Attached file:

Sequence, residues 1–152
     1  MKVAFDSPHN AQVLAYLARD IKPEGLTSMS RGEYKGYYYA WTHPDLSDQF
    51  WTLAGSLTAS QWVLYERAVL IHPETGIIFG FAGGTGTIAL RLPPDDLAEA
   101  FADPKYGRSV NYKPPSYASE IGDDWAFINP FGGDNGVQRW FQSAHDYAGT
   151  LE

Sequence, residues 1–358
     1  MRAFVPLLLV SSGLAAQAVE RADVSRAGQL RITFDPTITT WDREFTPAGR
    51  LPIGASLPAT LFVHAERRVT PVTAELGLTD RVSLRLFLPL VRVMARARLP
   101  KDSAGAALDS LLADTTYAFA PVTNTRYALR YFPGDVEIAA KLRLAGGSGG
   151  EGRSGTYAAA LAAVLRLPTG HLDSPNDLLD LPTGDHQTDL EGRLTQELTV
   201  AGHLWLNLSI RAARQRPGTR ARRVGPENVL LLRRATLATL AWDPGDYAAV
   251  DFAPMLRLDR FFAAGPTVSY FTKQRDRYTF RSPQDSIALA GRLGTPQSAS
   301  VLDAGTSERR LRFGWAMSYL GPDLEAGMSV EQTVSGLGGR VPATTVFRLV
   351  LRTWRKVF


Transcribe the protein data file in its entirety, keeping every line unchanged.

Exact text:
Sequence, residues 1–152
     1  MKVAFDSPHN AQVLAYLARD IKPEGLTSMS RGEYKGYYYA WTHPDLSDQF
    51  WTLAGSLTAS QWVLYERAVL IHPETGIIFG FAGGTGTIAL RLPPDDLAEA
   101  FADPKYGRSV NYKPPSYASE IGDDWAFINP FGGDNGVQRW FQSAHDYAGT
   151  LE

Sequence, residues 1–358
     1  MRAFVPLLLV SSGLAAQAVE RADVSRAGQL RITFDPTITT WDREFTPAGR
    51  LPIGASLPAT LFVHAERRVT PVTAELGLTD RVSLRLFLPL VRVMARARLP
   101  KDSAGAALDS LLADTTYAFA PVTNTRYALR YFPGDVEIAA KLRLAGGSGG
   151  EGRSGTYAAA LAAVLRLPTG HLDSPNDLLD LPTGDHQTDL EGRLTQELTV
   201  AGHLWLNLSI RAARQRPGTR ARRVGPENVL LLRRATLATL AWDPGDYAAV
   251  DFAPMLRLDR FFAAGPTVSY FTKQRDRYTF RSPQDSIALA GRLGTPQSAS
   301  VLDAGTSERR LRFGWAMSYL GPDLEAGMSV EQTVSGLGGR VPATTVFRLV
   351  LRTWRKVF